October Scaries: Food Phobias (aka "You want me to eat WHAT?!")

October Scaries: Food Phobias (aka "You want me to eat WHAT?!")

“I’m not eating that! Gross!”

When you go to a restaurant, you bring an extra meal for your kid. You and your partner make dinner, and your little one has a whole separate menu for themselves. You'd rather have them eat something than nothing, but you're almost worried that if they eat another chicken nugget, they're going to turn into one. 

Why are kids such picky eaters?

There are a lot of different reasons that kids can be picky eaters - but part of the underlying issue can be anxiety - and not just fear of new foods. 

They'll only eat mayonnaise on white bread. Or they'll eat applesauce on Tuesdays and Tuesdays alone. That picky eating can be part of their exerting control on a little corner of their world. The feel overwhelmed and anxious about everything else, so at least they have a say on what they eat and when.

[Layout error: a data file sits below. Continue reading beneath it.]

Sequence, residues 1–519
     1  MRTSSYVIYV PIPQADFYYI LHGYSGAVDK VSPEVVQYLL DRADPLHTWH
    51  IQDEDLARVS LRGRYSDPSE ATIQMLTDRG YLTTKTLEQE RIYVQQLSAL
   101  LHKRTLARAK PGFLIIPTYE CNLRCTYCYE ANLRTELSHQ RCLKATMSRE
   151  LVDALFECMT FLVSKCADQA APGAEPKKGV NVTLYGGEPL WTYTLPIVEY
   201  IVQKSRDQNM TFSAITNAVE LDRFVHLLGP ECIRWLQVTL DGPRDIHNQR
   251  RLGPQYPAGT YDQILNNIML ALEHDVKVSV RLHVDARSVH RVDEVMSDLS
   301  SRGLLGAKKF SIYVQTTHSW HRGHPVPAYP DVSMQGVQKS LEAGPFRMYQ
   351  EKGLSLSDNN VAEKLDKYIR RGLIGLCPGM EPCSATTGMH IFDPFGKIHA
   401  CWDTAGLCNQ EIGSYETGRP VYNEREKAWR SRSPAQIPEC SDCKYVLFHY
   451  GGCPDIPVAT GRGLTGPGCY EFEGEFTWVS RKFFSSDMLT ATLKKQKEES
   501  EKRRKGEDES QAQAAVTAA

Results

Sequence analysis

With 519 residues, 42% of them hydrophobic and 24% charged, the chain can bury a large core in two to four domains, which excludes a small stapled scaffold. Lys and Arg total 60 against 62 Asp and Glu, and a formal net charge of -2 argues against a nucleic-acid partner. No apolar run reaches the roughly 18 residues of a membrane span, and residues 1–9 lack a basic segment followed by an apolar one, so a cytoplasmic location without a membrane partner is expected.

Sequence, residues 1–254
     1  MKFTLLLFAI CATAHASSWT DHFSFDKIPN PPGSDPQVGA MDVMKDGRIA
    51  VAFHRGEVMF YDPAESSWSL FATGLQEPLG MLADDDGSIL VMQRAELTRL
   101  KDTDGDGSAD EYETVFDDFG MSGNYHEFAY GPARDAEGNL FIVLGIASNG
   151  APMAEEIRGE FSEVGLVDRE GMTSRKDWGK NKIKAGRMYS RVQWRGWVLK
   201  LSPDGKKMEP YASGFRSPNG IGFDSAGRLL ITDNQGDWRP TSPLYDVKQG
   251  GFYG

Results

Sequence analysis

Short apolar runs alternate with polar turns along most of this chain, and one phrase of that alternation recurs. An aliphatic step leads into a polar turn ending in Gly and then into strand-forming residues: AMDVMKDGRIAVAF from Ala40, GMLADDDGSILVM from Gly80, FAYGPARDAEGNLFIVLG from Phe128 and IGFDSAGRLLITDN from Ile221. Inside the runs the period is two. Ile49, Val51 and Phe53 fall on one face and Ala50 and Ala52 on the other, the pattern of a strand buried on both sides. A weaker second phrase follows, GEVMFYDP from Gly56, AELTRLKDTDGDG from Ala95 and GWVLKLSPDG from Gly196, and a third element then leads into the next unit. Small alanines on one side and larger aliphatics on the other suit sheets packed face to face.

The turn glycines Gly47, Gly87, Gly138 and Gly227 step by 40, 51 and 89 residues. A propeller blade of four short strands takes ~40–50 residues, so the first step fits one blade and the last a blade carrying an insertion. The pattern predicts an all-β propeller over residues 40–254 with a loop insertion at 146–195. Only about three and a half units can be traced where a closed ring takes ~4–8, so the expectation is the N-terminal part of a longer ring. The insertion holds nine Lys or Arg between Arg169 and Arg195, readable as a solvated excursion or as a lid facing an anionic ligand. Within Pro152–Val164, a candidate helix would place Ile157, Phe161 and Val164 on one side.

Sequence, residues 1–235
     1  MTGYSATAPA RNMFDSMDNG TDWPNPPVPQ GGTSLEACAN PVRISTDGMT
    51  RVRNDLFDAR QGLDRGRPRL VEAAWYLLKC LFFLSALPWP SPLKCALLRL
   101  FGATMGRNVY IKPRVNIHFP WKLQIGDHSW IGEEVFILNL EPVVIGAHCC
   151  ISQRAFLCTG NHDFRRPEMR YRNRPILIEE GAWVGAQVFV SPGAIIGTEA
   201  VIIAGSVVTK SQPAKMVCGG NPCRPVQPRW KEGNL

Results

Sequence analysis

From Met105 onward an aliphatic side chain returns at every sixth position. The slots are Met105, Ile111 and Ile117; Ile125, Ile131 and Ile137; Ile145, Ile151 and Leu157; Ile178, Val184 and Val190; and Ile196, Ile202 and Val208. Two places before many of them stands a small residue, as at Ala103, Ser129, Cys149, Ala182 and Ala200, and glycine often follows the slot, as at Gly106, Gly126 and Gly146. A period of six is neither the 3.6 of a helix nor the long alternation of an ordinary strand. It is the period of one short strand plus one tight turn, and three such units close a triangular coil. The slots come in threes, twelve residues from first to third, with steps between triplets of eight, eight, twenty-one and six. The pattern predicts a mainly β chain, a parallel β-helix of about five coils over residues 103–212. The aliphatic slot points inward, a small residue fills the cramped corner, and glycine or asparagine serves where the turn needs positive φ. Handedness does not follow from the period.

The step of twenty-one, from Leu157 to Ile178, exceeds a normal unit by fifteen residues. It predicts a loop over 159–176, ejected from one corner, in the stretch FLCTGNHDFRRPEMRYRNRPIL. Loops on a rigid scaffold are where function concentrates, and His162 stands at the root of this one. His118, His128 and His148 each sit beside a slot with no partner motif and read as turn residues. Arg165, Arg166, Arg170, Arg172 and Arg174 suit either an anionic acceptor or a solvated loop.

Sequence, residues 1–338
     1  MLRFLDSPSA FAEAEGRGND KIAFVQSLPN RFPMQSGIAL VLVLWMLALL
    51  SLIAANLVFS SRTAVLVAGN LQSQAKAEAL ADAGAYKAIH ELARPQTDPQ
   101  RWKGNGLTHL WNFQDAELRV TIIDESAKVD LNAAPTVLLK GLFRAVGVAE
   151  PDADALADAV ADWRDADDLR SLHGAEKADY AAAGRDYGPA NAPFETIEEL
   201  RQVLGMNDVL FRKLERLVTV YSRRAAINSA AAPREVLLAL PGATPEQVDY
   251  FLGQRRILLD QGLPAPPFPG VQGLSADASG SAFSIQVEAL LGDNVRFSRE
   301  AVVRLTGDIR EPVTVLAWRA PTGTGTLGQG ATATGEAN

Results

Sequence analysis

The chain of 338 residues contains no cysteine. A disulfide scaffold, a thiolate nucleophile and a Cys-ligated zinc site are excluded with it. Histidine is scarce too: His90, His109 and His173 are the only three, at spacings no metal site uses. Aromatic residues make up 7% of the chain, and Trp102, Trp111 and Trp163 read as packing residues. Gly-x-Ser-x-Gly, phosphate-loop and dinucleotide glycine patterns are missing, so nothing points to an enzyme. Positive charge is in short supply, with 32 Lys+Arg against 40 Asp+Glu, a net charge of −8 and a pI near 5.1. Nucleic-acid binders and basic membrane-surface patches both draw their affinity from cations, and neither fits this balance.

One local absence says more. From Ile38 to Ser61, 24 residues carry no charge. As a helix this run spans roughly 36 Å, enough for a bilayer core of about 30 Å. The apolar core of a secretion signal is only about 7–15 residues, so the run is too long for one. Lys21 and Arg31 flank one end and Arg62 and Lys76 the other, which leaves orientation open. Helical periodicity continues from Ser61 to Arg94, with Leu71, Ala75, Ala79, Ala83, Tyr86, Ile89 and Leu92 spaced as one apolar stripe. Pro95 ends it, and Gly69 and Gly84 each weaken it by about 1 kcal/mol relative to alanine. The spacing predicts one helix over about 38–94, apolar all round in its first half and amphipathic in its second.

Anxious kids can also have sensory processing issues with food as well.

And in times like these, it may be helpful to have them meet with an occupational therapist who can help with their eating issues.

5 steps to help parents of picky eaters (read more…)

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October Scaries: Perfectionism and the Anxiety Spiral

October Scaries: Perfectionism and the Anxiety Spiral

Perfectionist kids, teens, and college students have trouble ignoring their perfectionistic tendencies and focusing on the challenge at hand.

Our brains prevent us from fully engaging because they get so worried about what a poor grade, poor score, or poor performance means about us. Many times, the kids and teens I work with will engage in an anxious spiral. It usually looks something like:

  • If I get less than an A on this test, that means I have a bad grade

  • If I have a bad grade, that means I’m doing poorly in this class

  • I might even fail this class

  • And other classes

  • And I’ll barely graduate highschool

  • And I won’t get into the college I want

  • And I won’t be able to go to medical school

  • Which means I’ll never be a doctor

  • My life will be ruined

But when we take a step back, we can see that the anxiety spiral is little bit out of control.

There’s no way, when we use logic, that getting less than an A on your test means that you’re life is ruined. Our anxious minds just tell us this because they want us to be prepared for the worst case scenario.

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